Neck pain is a pain in or around the spine under your head, known as the cervical backbone. Neck pain is a common sign of many diverse injuries and medical conditions. You might have axial neck pain (felt mostly in the neck) or radicular neck pain (pain shoots into other areas such as the shoulders or arms). It can be heightened (lasting from days to up to 6 weeks) or chronic (lasting longer than 3 months to years). Neck pain can interfere with daily activities and reduce your quality of life if left untreated. Neck pain is very frequent. It occurs in about one out of three people at least once a year. It is more widespread in women than in men, and your ability to develop it increases with age.
Causes of neck pain
Aging: Degenerative conditions such as osteoarthritis (the wearing down of joint cartilage) and spinal stenosis (narrowing of the spaces in the spine) can direct to neck pain as you mature. Over time, stress and motion can lead to spinal disc deterioration, causing a herniated disc or pinched courage.
Injury: Trauma from suddenly forced moment of the neck or skull and rebound in the reverse direction (whiplash) can cause pain and tenderness. The muscles, ligaments, discs, vertebral joints, and nerve roots in the spinal cord in the neck can be affected by trauma injuries.
Mental stress: Tightening your neck muscles due to worry usually causes neck pain and stiffness.
How is neck pain diagnosed?
Doctors diagnose neck pain with a physical examination and medical history. Your doctor will feel and shift your neck to trace pain and find motion troubles. Doctors also ensure your muscle strength and reflexes. Your doctor will inquire about preceding neck injuries that might have caused whiplash or a herniated disc. Your doctor might ask about work or other actions that could affect your neck. To diagnose the reason for the pain, your doctor might utilize imaging tests such as X-ray, magnetic resonance imaging (MRI), or computed tomography (CT). These tests can show harm and other issues in the bones and surrounding tissues in your neckline. Other tests that your doctor may order include electromyography, nerve conduction studies, myelogram, and nerve root block. These tests look more intimately at the discs in the spine, the spine itself, and check the purpose of nerves and muscle response and the source of the pain.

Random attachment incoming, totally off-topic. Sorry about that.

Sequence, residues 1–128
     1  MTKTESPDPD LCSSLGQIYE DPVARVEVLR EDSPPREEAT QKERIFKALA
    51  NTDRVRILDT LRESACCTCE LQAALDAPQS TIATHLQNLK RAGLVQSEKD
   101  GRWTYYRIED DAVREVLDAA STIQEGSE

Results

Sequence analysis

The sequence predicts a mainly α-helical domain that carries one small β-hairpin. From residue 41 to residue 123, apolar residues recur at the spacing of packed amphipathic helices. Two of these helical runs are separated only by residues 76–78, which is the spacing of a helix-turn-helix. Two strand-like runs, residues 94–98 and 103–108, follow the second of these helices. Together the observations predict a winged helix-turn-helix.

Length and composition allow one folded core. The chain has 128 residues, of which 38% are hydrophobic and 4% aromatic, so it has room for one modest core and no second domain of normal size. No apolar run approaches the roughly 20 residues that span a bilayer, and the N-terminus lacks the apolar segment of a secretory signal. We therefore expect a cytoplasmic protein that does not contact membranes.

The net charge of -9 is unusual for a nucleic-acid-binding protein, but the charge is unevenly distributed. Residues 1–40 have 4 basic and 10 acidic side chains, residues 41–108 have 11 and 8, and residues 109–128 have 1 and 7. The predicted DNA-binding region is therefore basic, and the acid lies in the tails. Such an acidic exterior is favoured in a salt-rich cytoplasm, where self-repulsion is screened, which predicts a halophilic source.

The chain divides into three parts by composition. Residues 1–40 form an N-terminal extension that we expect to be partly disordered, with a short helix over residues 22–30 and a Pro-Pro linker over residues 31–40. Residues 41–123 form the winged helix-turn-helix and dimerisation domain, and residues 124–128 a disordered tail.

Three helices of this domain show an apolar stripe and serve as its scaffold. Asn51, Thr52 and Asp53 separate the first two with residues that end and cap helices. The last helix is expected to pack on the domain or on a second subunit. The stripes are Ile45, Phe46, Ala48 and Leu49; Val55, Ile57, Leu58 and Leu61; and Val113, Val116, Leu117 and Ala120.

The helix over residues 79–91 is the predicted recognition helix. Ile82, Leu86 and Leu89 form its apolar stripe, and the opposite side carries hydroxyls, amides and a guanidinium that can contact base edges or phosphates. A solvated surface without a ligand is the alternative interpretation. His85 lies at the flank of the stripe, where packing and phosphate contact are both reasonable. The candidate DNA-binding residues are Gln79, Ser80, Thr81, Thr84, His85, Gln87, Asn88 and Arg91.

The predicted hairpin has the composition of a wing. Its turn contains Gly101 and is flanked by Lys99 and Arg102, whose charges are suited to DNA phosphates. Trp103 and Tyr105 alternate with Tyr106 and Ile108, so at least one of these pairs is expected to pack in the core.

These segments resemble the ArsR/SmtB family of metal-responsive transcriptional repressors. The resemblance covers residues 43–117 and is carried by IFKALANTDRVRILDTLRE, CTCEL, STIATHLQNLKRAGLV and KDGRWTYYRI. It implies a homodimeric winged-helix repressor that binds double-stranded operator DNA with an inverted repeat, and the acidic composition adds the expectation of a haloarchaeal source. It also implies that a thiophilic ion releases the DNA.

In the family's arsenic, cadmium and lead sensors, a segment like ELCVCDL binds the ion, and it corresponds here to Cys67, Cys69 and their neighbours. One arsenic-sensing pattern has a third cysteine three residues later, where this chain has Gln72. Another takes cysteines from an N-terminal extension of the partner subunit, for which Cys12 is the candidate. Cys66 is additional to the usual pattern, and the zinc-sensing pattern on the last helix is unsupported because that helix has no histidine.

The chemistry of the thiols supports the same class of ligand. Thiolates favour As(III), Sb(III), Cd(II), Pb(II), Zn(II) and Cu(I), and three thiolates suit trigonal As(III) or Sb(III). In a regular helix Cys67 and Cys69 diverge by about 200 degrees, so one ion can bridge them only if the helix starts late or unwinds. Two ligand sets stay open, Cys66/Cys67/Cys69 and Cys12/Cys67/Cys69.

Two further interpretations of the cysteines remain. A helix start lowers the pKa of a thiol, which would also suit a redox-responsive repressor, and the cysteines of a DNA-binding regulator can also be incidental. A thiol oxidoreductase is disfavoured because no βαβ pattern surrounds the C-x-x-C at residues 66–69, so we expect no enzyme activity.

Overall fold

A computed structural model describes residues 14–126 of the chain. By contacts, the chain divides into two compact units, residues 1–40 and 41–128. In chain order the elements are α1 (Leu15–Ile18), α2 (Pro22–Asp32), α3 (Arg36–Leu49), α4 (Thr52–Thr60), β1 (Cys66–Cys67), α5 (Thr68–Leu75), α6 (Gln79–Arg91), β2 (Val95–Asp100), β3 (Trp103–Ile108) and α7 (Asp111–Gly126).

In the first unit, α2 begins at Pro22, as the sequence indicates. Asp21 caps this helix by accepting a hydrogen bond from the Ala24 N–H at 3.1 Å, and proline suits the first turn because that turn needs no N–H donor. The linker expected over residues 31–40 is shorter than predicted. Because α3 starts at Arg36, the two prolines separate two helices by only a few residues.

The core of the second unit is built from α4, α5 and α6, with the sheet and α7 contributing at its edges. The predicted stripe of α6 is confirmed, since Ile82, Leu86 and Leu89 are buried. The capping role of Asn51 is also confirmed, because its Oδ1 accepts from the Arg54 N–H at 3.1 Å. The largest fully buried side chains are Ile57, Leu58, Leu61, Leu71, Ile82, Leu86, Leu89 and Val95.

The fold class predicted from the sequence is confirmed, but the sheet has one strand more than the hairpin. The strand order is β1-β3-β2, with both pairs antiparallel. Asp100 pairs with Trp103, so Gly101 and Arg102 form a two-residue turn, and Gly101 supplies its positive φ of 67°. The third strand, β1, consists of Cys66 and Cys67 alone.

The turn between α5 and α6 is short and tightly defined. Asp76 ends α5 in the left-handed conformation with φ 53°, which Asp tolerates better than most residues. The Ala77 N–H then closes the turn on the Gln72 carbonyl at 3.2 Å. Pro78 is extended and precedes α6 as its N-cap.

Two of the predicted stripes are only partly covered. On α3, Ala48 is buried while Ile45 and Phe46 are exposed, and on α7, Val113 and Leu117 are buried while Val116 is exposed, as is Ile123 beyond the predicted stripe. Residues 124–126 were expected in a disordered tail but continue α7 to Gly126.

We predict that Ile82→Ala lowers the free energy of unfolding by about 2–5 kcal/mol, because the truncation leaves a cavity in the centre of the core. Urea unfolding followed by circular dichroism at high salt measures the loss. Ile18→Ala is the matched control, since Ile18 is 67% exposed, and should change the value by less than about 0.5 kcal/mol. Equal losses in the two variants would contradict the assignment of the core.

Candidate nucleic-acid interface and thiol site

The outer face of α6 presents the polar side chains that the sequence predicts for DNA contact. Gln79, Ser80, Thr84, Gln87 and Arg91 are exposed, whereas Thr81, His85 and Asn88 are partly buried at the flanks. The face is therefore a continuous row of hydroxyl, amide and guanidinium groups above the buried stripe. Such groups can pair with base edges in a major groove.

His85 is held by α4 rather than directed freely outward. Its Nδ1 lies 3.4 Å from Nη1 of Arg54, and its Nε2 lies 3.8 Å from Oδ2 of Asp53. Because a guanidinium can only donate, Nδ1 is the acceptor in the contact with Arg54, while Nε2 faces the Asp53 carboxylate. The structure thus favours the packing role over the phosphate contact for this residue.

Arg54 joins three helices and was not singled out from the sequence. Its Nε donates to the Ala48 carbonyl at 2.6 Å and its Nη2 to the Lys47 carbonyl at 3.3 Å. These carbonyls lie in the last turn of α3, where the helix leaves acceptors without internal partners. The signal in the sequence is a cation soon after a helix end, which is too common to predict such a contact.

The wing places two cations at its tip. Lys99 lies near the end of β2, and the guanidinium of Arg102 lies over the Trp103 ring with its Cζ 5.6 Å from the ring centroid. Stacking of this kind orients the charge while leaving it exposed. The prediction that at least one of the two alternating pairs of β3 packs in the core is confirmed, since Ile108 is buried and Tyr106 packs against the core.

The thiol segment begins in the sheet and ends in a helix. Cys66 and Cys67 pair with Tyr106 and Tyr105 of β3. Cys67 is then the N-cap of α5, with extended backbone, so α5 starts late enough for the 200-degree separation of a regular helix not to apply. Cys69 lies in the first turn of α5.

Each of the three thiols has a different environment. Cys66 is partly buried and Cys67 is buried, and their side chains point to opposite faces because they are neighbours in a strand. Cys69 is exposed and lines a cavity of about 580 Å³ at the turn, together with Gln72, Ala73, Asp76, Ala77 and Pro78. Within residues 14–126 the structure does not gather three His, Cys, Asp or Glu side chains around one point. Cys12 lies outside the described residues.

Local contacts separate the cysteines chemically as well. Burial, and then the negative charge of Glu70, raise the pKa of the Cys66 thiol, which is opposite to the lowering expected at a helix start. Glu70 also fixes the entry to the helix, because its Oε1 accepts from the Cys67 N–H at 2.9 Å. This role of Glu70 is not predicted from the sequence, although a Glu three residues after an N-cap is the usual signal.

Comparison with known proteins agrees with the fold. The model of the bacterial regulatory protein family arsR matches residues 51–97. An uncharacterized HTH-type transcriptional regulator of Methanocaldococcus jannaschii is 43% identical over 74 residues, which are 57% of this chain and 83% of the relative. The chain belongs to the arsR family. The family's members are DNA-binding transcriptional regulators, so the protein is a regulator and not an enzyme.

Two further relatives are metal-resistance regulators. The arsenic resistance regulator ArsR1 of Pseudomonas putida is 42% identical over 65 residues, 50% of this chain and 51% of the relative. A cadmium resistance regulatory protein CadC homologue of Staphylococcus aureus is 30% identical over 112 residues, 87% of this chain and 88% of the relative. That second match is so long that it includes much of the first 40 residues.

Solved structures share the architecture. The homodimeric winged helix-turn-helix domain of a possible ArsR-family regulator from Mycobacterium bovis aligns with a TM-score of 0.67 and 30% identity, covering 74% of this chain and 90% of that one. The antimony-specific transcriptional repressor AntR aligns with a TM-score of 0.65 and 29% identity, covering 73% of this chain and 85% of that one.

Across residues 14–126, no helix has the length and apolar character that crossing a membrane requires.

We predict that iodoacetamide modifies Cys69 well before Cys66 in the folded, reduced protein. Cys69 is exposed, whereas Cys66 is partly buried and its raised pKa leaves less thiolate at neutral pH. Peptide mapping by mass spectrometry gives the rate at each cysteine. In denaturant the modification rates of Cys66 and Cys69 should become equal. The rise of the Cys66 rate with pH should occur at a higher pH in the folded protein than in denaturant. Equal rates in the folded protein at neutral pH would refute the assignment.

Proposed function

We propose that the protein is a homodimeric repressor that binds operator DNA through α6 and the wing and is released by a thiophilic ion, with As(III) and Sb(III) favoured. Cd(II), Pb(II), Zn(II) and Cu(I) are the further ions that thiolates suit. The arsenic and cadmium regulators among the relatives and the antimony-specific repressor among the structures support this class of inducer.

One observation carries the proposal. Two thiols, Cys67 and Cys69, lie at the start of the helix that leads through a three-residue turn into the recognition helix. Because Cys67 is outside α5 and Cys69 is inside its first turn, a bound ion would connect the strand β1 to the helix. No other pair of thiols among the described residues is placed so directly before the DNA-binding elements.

Medicines involving nonsteroidal anti-inflammatory drugs (NSAIDs) to alleviate pain and inflammation and muscle relaxants to assist the healing procedure.
Physical therapy (exercises to stretch and reinforce muscles and tendons in the neck).
Transcutaneous electrical nerve stimulation (TENS) lessens pain by disrupting the pain signal with a low-level electrical current to skin near the nerves causing the pain.
Traction to allay pain with inflatable devices.
Steroid injections near the nerve roots to help relieve pain and tenderness.